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Wright v. Adept Building Construction LLC

Superior Court of Maine, Cumberland

January 29, 2019

GRACE WRIGHT, et al., Plaintiffs
v.
ADEPT BUILDING CONSTRUCTION LLC, et al., Defendants

          ORDER

          Thomas D. Warren, Justice.

         Before the court is defendants' motion (1) to dismiss the complaint in its entirety as against defendants Jim Richards and Brandon Matthews, (2) to dismiss counts IV and IX of the complaint under the economic loss doctrine, and (3) to dismiss count IV of the complaint based on the additional contention that plaintiffs' have not stated actionable claims of misrepresentation.

         Although not a model of pleading, plaintiffs' complaint in essence asserts a number of claims based on defendants' alleged failure to adequately perform a contract for renovation work on a residence in Cumberland.

         Legal Standard

         For purposes of a motion to dismiss, the material allegations of the complaint must be taken as admitted. Ramsey v. Baxter Title Co., 2012 ME 113 ¶ 2, 54 A.3d 710. The complaint must be read in the light most favorable to the plaintiff to determine if it sets forth elements of a cause of action or alleges facts that would entitle plaintiff to relief pursuant to some legal theory. Bisson v. Hannaford Bros. Co., Inc., 2006 ME 131 ¶ 2, 909 A.2d 1010. Dismissal is appropriate only when it appears beyond doubt that the plaintiff is not entitled to relief under any set of facts that he might prove in support of his claim. Moody v. State Liquor & Lottery Commission, 2004 ME 20 ¶ 7, 843 A.2d 43. However, a plaintiff may not proceed if the complaint fails to allege essential elements of the cause of action. See Potter, Prescott, Jamieson & Nelson P.A v. Campbell, 1998 ME 70 ¶¶ 6-7, 708 A.2d 283.

         Claims Against Defendants Richards and Matthews

         The complaint is unclear as to the exact contractual arrangements that were reached between the parties. In fact, the complaint never unambiguously alleges the parties entered into a contract. However, both plaintiffs' and defendants' arguments appear to proceed from the premise that a renovation contract was entered into and that the contract in question was at least nominally between plaintiffs and defendant Adept Building Construction LLC (Adept).[1]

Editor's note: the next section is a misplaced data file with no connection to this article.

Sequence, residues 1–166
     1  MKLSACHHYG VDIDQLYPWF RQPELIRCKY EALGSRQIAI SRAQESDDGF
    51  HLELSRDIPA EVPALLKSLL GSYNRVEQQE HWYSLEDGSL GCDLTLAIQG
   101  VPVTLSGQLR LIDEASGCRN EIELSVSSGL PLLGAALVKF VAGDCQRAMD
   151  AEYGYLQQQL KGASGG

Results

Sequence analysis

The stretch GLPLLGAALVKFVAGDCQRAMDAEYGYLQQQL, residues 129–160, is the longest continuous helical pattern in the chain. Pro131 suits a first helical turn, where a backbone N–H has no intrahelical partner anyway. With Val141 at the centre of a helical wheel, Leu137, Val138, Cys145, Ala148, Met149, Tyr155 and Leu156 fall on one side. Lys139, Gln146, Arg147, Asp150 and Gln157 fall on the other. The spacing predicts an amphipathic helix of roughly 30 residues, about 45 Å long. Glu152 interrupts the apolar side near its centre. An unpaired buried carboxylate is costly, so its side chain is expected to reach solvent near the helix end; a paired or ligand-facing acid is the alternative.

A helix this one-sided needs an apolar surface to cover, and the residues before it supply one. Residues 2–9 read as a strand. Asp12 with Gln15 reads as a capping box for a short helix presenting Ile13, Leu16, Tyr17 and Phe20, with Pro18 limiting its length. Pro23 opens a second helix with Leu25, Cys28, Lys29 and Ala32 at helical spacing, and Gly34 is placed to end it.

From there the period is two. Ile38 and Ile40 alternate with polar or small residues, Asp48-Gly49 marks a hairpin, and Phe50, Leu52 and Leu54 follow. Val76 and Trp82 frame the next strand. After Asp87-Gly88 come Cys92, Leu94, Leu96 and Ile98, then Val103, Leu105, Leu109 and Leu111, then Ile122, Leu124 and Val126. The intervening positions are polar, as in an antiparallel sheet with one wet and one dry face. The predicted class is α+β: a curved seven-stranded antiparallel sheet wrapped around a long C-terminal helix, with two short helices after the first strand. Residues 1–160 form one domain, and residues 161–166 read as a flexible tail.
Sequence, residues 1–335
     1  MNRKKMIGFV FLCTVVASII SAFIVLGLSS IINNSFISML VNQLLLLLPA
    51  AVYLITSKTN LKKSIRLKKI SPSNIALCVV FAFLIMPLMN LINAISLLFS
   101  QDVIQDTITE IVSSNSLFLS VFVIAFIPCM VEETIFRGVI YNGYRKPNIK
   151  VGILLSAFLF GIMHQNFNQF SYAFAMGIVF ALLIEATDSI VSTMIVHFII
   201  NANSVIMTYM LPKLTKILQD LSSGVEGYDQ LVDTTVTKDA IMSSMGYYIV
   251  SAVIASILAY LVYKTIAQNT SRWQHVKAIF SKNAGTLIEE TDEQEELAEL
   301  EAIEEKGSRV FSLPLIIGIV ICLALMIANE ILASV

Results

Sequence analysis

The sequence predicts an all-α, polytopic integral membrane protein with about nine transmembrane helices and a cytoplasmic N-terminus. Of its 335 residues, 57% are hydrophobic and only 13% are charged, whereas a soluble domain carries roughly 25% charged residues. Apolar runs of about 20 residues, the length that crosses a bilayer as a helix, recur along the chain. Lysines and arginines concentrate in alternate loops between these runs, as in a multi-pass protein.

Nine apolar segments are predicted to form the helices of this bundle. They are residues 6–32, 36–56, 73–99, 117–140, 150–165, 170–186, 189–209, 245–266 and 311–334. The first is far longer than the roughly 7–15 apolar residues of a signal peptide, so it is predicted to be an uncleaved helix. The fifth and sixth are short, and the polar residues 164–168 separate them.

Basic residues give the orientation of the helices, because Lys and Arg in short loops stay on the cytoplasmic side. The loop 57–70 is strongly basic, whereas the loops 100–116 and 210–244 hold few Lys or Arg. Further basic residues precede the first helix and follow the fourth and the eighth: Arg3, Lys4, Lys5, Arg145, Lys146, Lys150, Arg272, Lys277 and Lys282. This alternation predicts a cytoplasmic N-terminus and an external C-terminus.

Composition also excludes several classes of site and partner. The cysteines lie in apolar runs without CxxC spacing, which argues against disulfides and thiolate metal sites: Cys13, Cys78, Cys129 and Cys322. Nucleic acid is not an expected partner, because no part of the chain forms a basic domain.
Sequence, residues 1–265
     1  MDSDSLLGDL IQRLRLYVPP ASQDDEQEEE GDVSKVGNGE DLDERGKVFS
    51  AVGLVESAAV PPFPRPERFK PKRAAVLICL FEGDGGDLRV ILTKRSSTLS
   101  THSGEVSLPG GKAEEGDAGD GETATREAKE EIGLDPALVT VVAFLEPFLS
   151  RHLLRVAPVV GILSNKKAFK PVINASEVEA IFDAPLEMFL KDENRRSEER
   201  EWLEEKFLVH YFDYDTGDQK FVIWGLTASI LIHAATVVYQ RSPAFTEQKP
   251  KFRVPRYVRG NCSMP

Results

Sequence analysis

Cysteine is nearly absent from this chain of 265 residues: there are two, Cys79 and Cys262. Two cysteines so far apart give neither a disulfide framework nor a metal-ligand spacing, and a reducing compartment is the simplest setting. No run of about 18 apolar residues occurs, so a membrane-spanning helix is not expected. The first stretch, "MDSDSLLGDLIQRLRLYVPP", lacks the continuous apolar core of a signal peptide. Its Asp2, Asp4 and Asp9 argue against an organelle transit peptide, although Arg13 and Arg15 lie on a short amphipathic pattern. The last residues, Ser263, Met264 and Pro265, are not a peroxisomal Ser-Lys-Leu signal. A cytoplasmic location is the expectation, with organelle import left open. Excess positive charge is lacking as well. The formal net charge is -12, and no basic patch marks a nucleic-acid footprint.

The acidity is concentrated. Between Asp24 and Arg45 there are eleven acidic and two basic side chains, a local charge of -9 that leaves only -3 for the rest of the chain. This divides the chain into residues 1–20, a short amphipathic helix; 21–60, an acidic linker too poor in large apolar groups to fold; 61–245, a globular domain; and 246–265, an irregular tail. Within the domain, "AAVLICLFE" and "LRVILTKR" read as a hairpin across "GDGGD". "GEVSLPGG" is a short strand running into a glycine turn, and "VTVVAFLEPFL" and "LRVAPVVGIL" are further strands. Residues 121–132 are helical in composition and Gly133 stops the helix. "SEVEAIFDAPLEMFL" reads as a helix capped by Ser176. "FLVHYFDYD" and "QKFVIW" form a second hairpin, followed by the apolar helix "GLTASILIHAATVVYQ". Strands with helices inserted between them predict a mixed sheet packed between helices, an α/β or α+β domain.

The claims against Richards and Matthews individually are based on two allegations - (1) an allegation that defendants abused the privilege of a separate corporate identity and that an unjust or inequitable result would occur if the court were the recognize the separate corporate existence of Adept Building Construction LLC and (2) a separate allegation that Richards and Matthews participated in wrongful acts and should be held liable for those acts regardless of whether liability is also sought against Adept. Complaint ¶¶ 29-30.

         Although the complaint is devoid of any specific allegations as to how the privilege of separate corporate identity was abused, plaintiffs assert that they are prepared to prove, inter alia, that Adept did not exist as an LLC at the time the contract was entered into.

         Although the allegations in the complaint are sparse to say the least, the court concludes that defendants are on notice that plaintiffs are seeking to pierce the corporate veil. Whether the corporate form should be disregarded involves questions of fact and cannot be decided as a matter of law. See Blue Star Corp. v. CKF Properties, LLC, 2009 ME 101 ¶ 43, 980 A.2d 1270; Johnson v. Exclusive Properties Unlimited, 1998 ME 244 ¶ 7, 720 A.2d 568.

         To properly state a claim for relief, a plaintiff need only plead a "short and plain statement of the claim showing that the pleader is entitled to relief," which must "provide the defendant with fair notice of the claim against him." M.R. Civ. P. 8(a); Smith v. Hawthorne, 2002 ME 149 ¶ 11, 804 A.2d 1133 (internal quotation omitted). The notice-giving function may be sufficiently performed by "a rather generalized statement." Richards v. Soucy, 610 A.2d 268, 270 (Me. 1992).

         Accordingly, while this issue may be revisited on summary judgment, the court cannot conclude at this stage that plaintiffs are not entitled to relief under any set of facts that they might prove to support the piercing of the corporate veil.

         To the extent that plaintiffs are also arguing that Richards and Matthews should be held liable for any wrongful acts in which they participated, this would only be true to the extent that plaintiffs have viable tort claims against Richards and Matthews, as discussed below. If only plaintiffs' contract claims survive, Richards and Matthews cannot be found liable unless they personally were contracting parties or unless plaintiffs are able to pierce the corporate veil.

         Plaintiffs' Negligence Claims - ...


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